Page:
How to Encourage Employee-led Eco-projects

How to Encourage Employee-Led Eco-Projects

Lauren Rakowski July 16, 2010
Employees working for firms with environmental policies are most likely to implement eco-initiatives. To encourage employee eco-initiatives, managers can adopt a written environmental policy and communicate it to employees. Managers can also listen to employee suggestions, encourage partnerships with other departments, and motivate employees by giving rewards for achieving goals.

Background

Eco-initiatives are actions taken by employees to improve the company's environmental performance. These may include recycling, producing a less energy-intensive product or replacing a product with a service.  Even though eco-initiatives and other innovations require similar support and encouragement, eco-initiatives receive less attention. This research demonstrates the need to engage employees in environmental activities.

Findings

Employees are more likely to develop and implement eco-initiatives when:

Implications for Managers

To encourage employee eco-initiatives, managers can: 

Implications for Researchers

Future surveys should control for a social desirability bias for eco-initiatives, since companies chosen for this study were environmentally proactive. Future research could explore whether managers' personal values affect employee eco-initiatives, and how employee capacity and motivation influence the promotion of eco-initiatives.

Methods

This study developed a logic model to determine which environmental policy factors and management support behaviours were positively related to employee eco-initiatives. Researchers conducted interviews with 353 mid- and low-level employees at 6 environmentally proactive companies in Europe. Companies were from the chemical, entertainment, manufacturing, medical devices, oil, and retail sectors.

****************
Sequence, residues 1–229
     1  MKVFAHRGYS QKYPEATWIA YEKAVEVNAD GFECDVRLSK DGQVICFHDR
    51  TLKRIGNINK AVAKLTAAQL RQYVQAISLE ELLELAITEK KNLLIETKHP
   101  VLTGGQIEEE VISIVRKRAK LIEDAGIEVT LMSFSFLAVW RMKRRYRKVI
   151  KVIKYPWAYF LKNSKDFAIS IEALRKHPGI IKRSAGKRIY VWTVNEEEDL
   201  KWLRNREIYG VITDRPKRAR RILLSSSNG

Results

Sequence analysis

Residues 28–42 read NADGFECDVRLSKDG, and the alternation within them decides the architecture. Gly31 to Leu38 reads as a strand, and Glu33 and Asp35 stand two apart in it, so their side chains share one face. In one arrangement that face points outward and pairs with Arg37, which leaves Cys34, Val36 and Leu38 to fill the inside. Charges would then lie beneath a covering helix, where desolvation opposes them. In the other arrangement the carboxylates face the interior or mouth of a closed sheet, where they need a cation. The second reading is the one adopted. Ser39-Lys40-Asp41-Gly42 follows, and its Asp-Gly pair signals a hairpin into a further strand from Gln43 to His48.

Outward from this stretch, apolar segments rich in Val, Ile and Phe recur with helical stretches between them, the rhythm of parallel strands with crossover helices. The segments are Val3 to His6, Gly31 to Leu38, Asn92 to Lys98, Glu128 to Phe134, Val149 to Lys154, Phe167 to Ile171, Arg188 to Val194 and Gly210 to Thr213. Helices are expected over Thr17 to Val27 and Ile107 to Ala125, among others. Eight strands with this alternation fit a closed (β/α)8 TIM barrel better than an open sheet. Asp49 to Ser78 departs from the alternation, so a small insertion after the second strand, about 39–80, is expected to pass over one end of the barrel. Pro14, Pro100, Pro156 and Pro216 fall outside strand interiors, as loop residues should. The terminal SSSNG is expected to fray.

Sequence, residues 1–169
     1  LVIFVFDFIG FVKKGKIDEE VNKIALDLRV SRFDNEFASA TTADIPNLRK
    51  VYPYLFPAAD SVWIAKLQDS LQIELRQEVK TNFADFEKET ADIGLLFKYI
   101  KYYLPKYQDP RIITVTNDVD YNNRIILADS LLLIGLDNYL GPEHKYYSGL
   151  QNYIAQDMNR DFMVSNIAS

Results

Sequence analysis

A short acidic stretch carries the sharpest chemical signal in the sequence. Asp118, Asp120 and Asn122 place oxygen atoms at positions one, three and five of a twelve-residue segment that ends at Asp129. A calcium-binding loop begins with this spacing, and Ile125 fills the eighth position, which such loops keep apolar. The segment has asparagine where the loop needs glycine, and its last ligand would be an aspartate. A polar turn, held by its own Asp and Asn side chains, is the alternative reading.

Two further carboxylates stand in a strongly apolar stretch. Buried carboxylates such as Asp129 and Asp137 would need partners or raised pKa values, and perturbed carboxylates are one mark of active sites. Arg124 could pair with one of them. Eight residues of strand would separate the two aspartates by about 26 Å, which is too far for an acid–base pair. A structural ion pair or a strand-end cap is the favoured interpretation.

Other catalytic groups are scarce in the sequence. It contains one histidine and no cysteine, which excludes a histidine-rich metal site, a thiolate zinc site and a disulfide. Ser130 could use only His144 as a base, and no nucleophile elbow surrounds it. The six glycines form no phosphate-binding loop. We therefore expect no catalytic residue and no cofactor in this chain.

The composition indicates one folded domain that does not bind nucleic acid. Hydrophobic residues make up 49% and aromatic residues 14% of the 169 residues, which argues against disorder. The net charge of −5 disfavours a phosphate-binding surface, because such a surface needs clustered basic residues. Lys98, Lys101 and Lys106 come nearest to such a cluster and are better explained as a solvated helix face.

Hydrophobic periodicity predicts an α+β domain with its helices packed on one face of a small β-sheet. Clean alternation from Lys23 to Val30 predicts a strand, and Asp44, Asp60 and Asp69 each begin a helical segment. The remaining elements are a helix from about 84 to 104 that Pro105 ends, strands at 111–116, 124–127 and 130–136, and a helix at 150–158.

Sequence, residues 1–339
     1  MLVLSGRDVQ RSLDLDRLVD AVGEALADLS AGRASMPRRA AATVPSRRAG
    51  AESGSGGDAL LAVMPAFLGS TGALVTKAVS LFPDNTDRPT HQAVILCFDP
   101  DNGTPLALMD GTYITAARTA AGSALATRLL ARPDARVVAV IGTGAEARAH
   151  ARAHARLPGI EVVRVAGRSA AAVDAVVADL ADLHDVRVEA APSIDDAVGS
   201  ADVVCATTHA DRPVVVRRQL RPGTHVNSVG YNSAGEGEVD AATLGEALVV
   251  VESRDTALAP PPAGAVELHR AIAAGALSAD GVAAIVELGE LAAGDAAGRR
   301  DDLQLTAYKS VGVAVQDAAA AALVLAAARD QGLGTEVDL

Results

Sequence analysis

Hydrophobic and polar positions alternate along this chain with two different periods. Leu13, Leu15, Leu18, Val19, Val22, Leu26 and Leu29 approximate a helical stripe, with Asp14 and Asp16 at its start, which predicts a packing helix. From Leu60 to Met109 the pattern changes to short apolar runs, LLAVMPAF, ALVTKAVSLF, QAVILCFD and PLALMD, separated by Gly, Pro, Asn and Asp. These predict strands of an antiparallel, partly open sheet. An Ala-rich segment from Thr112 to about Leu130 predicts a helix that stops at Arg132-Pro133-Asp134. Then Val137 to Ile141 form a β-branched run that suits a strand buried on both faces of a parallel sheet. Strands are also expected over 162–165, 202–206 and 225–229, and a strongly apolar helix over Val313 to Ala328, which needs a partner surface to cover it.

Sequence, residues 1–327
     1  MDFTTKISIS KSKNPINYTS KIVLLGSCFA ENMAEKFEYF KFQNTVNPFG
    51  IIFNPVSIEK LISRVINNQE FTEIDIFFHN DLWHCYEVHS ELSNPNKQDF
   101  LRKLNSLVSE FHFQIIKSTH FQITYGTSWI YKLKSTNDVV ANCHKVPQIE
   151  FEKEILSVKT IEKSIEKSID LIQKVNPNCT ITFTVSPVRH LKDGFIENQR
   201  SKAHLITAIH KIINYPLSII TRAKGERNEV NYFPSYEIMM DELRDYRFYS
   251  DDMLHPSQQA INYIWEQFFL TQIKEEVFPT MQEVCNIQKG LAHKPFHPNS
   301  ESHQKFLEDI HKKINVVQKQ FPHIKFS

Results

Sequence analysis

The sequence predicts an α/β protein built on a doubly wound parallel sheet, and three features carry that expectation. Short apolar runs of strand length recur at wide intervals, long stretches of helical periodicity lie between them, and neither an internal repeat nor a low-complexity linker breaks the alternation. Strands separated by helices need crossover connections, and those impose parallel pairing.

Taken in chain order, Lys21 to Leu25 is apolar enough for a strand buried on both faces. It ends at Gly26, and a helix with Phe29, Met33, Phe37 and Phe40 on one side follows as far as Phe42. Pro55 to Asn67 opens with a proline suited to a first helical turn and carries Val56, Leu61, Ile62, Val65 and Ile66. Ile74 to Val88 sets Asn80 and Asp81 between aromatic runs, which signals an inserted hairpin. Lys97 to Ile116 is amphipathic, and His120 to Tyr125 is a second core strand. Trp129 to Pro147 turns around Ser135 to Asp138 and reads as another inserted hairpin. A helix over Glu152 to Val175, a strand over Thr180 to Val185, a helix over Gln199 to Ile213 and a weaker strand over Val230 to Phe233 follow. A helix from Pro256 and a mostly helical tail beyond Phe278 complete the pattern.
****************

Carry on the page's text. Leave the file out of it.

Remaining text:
Ramus, Catherine, & Steger, Ulrich. (2000). The Roles of Supervisory Support Behaviours and Environmental Policy in Employee `Ecoinitiatives' at Leading-Edge European Companies. Academy of Management Journal, 43(4): 605-626. 

additional resources

Research Insight

Employees get the warm fuzzies when they think their companies use CSR altruistically, but for managers, it's really about the numbers.

Kristin Neudorf
Research Insight

Employees who give feel more committed to their organization.

Pam Laughland
Research Insight

Good CSR and a strong corporate moral compass can drive financial performance through better employee engagement and commitment to your firm.

Bushra Tobah
Reports and Articles

Managers should consider three Ps when setting goals to foster responsible behaviours in their employees: Personal, Plain and simple, and Positive Feedback.

Lauren Turner